Nanotechnology Now

Our NanoNews Digest Sponsors





Heifer International

Wikipedia Affiliate Button


android tablet pc

Home > Press > Football-shaped particles bolster the body's defense against cancer

T-cells (red) are activated more robustly when they interact with artificial antigen-presenting cells (green) that are elongated (right) versus round (left).

Credit: Karlo Perica
T-cells (red) are activated more robustly when they interact with artificial antigen-presenting cells (green) that are elongated (right) versus round (left).

Credit: Karlo Perica

Abstract:
Researchers at Johns Hopkins have succeeded in making flattened, football-shaped artificial particles that impersonate immune cells. These football-shaped particles seem to be better than the typical basketball-shaped particles at teaching immune cells to recognize and destroy cancer cells in mice.

Football-shaped particles bolster the body's defense against cancer

Baltimore, MD | Posted on October 14th, 2013

"The shape of the particles really seems to matter because the stretched, ellipsoidal particles we made performed much better than spherical ones in activating the immune system and reducing the animals' tumors," according to Jordan Green, Ph.D., assistant professor of biomedical engineering at the Johns Hopkins University School of Medicine and a collaborator on this work. A summary of the team's results was published online in the journal Biomaterials on Oct. 5.

According to Green, one of the greatest challenges in the field of cancer medicine is tracking down and killing tumor cells once they have metastasized and escaped from a tumor mass. One strategy has been to create tiny artificial capsules that stealthily carry toxic drugs throughout the body so that they can reach the escaped tumor cells. "Unfortunately, traditional chemotherapy drugs do not know healthy cells from tumor cells, but immune system cells recognize this difference. We wanted to enhance the natural ability of T-cells to find and attack tumor cells," says Jonathan Schneck, M.D., Ph.D., professor of pathology, medicine and oncology.

In their experiments, Schneck and Green's interdisciplinary team exploited the well-known immune system interaction between antigen-presenting cells (APC) and T-cells. APCs "swallow" invaders and then display on their surfaces chewed-up protein pieces from the invaders along with molecular "danger signals." When circulating T-cells interact with APCs, they learn that those proteins come from an enemy, so that if the T-cells see those proteins again, they divide rapidly to create an army that attacks and kills the invaders.

According to Schneck, to enhance this natural process, several laboratories, including his own, have made various types of "artificial APCs" — tiny inanimate spheres "decorated" with pieces of tumor proteins and danger signals. These are then often used in immunotherapy techniques in which immune cells are collected from a cancer patient and mixed with the artificial APCs. When they interact with the patient's T-cells, the T-cells are activated, learn to recognize the tumor cell proteins and multiply over the course of several days. The immune cells can then be transferred back into the patient to seek out and kill cancer cells.

The cell-based technique has had only limited success and involves risks due to growing the cells outside the body, Green says. These downsides sparked interest in the team to improve the technique by making biodegradable artificial APCs that could be administered directly into a potential patient and that would better mimic the interactions of natural APCs with T-cells. "When immune cells in the body come in contact, they're not doing so like two billiard balls that just touch ever so slightly," explains Green. "Contact between two cells involves a significant overlapping surface area. We thought that if we could flatten the particles, they might mimic this interaction better than spheres and activate the T-cells more effectively."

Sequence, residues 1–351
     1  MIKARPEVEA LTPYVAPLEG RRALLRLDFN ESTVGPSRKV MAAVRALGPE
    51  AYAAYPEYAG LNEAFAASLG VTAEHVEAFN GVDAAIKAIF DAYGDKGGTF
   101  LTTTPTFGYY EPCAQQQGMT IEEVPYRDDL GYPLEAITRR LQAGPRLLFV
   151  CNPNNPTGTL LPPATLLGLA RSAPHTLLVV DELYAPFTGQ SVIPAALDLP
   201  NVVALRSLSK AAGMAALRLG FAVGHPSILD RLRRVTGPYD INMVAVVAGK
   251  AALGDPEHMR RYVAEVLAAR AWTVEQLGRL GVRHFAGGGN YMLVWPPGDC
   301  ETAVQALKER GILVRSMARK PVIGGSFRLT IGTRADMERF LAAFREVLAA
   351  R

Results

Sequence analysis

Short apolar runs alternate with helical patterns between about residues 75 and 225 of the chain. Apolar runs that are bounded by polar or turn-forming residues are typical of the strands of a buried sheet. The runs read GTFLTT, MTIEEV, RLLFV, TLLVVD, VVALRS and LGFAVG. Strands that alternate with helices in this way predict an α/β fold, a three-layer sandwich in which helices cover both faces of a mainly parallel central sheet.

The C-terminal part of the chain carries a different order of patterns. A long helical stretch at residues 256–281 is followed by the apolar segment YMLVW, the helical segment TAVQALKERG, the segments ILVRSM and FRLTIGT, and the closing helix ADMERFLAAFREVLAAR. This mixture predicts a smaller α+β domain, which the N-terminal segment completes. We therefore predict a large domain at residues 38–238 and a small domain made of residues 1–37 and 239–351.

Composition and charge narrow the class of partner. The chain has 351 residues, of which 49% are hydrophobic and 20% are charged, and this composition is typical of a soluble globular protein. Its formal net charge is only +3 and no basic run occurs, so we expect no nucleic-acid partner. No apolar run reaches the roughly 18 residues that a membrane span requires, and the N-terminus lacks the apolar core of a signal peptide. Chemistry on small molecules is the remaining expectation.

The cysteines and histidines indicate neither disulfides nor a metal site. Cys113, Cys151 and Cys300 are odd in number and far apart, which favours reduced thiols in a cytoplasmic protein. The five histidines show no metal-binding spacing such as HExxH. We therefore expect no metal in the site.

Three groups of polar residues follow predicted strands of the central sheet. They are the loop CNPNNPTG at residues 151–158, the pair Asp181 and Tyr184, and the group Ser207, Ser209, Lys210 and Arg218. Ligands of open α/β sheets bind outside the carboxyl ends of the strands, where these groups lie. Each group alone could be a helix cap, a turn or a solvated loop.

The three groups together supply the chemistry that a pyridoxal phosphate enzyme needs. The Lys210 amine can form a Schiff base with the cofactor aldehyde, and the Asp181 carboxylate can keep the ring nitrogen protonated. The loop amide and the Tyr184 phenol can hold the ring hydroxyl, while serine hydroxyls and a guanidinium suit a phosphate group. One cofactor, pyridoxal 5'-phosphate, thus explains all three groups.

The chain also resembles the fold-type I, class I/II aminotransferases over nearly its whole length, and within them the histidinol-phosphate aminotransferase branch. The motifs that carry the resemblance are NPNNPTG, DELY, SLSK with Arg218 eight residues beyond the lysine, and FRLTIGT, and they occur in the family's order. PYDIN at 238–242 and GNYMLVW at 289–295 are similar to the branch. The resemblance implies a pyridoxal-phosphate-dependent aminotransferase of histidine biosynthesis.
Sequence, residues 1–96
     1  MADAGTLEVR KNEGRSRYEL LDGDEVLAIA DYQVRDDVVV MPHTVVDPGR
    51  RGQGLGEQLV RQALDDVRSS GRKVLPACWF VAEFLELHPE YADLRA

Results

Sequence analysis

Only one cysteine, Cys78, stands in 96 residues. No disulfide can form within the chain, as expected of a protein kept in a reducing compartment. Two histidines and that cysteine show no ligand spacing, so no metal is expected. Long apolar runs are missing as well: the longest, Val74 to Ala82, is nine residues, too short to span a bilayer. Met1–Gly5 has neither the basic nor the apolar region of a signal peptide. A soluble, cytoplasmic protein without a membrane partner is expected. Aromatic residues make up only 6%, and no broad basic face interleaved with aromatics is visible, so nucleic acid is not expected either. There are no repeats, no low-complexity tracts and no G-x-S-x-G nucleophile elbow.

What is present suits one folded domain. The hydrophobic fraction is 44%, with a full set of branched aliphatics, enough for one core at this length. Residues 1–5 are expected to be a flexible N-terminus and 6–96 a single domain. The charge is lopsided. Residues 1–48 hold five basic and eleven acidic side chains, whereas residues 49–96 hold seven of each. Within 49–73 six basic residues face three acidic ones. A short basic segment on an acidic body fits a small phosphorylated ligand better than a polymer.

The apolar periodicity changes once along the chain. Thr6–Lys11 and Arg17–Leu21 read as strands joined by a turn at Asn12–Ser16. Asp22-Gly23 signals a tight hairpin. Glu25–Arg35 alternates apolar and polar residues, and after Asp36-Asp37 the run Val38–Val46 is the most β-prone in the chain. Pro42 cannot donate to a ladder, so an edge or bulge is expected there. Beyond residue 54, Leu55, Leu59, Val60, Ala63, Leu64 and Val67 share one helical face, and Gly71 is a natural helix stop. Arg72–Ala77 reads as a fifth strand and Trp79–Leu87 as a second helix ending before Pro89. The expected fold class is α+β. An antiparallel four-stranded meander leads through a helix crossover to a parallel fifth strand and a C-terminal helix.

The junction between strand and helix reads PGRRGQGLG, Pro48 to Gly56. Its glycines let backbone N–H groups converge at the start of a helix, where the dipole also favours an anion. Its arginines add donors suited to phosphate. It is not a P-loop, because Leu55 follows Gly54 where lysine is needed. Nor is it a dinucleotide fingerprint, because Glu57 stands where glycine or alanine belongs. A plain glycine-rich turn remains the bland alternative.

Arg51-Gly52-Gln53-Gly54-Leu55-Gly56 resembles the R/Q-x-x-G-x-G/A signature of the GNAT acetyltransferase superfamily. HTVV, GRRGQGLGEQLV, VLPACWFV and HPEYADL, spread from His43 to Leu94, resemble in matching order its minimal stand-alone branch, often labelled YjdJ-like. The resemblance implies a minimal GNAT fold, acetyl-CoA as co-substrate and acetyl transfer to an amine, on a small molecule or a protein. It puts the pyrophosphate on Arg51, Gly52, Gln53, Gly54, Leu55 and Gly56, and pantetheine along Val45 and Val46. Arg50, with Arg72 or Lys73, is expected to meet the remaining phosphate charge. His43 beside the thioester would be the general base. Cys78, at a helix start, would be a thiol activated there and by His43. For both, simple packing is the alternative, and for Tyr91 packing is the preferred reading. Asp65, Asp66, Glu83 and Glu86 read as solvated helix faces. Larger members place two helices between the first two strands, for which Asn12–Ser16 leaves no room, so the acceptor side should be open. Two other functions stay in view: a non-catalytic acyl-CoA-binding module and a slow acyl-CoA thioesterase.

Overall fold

To flatten the particles, two M.D./Ph.D. students, Joel Sunshine and Karlo Perica, figured out how to embed a regular batch of spherical particles in a thin layer of a glue-like compound. When they heated the resulting sheet of particles, it stretched like taffy, turning the round spheres into tiny football shapes. Once cooled, the film could be dissolved to free each of the microscopic particles that could then be outfitted with the tumor proteins and danger signals. When they compared typical spherical and football-shaped particles — both coated with tumor proteins and danger signals at equivalent densities and mixed with T-cells in the laboratory — the T-cells multiplied many more times in response to the stretched particles than to spherical ones. In fact, by stretching the original spheres to varying degrees, they found that, up to a point, they could increase the multiplication of the T-cells just by lengthening the "footballs."

When the particles were injected into mice with skin cancer, the T-cells that interacted with the elongated artificial APCs, versus spherical ones, were also more successful at killing tumor cells. Schneck says that tumors in mice that were treated with round particles reduced tumor growth by half, while elongated particles reduced tumor growth by three-quarters. Even better, he says, over the course of a one-month trial, 25 percent of the mice with skin cancer being treated with elongated particles survived, while none of the mice in the other treatment groups did.